Plan Now for Successful Weed Management in 2020
Weather plays an important role in weed management, and for many corn and soybean growers, the 2019 season was a worst-case scenario. Planting was washed out for many, while crop quality and yield were adversely affected. Perhaps even more alarming is that USDA reports show record numbers of acres were lost to prevented planting.
While we can’t control the weather, we can control many other factors related to weed management. Now is the time to set up fields for success in 2020.
Given the circumstances, growers likely made some adjustments to their strategies in 2019. The reality is that the weather delayed and prevented more than just planting – it also delayed and prevented herbicide applications. We saw more growers employing alternative agronomic practices, such as tillage.
While these adjustments are understandable, it’s important to remember that a few principles of weed management will always hold true:
- Full use rates are still just as crucial, no matter how truncated the growing season.
- Preemergent herbicides are still a necessary part of any weed management strategy, even if you plant late.
- Some areas may have had weeds that were already too tall for herbicide applications when they were finally able to plant. Tillage followed by a preemergent herbicide would have been a sound strategy in this instance.
- Two-pass applications are still important, even if you are getting that post-emergent herbicide on a little later than normal.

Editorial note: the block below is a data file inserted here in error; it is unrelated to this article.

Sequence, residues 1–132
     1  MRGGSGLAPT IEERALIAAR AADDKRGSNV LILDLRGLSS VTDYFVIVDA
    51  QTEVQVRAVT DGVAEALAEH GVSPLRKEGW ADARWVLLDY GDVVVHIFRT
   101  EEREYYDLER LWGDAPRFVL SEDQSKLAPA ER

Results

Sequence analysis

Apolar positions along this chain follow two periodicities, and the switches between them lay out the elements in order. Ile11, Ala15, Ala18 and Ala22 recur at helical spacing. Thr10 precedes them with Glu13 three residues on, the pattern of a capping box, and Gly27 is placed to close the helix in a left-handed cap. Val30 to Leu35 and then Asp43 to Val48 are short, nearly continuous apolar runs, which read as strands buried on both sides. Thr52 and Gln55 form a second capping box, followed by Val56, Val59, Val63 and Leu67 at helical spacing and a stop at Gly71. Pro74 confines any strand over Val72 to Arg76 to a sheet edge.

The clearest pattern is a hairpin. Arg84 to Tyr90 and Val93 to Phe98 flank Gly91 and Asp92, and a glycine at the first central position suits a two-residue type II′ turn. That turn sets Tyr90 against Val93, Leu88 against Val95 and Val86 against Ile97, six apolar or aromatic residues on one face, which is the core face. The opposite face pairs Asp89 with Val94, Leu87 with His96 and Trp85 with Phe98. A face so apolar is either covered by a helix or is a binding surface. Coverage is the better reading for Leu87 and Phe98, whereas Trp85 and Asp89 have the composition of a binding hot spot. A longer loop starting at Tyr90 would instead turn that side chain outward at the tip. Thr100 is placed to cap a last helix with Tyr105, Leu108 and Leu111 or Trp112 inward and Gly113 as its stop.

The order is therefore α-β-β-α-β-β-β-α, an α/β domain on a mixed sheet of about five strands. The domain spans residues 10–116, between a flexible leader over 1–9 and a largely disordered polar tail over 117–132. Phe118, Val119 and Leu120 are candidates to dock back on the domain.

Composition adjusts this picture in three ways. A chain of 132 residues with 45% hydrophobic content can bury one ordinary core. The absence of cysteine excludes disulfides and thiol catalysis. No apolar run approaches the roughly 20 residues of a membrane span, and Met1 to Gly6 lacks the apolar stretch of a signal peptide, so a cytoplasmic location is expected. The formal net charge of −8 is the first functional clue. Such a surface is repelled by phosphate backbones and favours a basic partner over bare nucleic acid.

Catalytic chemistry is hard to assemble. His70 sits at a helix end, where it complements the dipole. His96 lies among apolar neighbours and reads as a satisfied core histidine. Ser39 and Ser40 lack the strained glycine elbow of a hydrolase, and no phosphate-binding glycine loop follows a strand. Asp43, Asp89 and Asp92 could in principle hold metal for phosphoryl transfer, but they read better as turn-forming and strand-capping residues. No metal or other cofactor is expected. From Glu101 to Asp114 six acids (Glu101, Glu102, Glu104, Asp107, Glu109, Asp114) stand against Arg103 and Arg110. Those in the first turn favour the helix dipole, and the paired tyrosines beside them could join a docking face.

This year’s delayed planting season is likely to have consequences for 2020, and it’s important that we start preparing for that now. We should expect an increased weed seed bank going into 2020, as there were both more weed escapes and more weeds going to seed in 2019.
Harvest is also likely to be later this year than in a typical year, so much so that when growers are ready to put down a fall herbicide, the ground may already be too cold. If there’s a silver lining to this, it’s that winter annuals may be less of an issue if crops are still in the ground. But as we mentioned, an increased weed seed bank will mean heavier weed pressure that will demand an effective spring burndown, as well as sound agronomic practices, such as tillage or cover crops, to avoid early-season competition with crops.
There are a few herbicides we recommend that can help growers combat these tough weeds. For soybeans, a burndown of Gramoxone® SL 2.0 herbicide followed by an effective preemergence option, such as Boundary® 6.5 EC, BroadAxe® XC or Prefix® herbicides can keep weed pressure low during the critical, early-growth stages of soybean development. A timely application of Tavium® Plus VaporGrip® Technology herbicide early post-emergence in dicamba-tolerant soybeans can provide added residual for extending the control of tough and resistant weeds until crop canopy. Gramoxone SL 2.0 has no plant-back restrictions, and Tavium is the market’s first premix dicamba herbicide that provides both contact and residual control of weeds.
For corn, Acuron® corn herbicide plus Gramoxone SL 2.0 provides fast burndown and residual all in 1 pass. For an added bonus, strong early-season performance can lead to late-season benefits, with Acuron delivering 5-15 more bushels an acre by controlling the tough weeds that other products miss.*
Learn more about actions you can take to keep tough weeds from jeopardizing your profits this season at ResistanceFighter.com.
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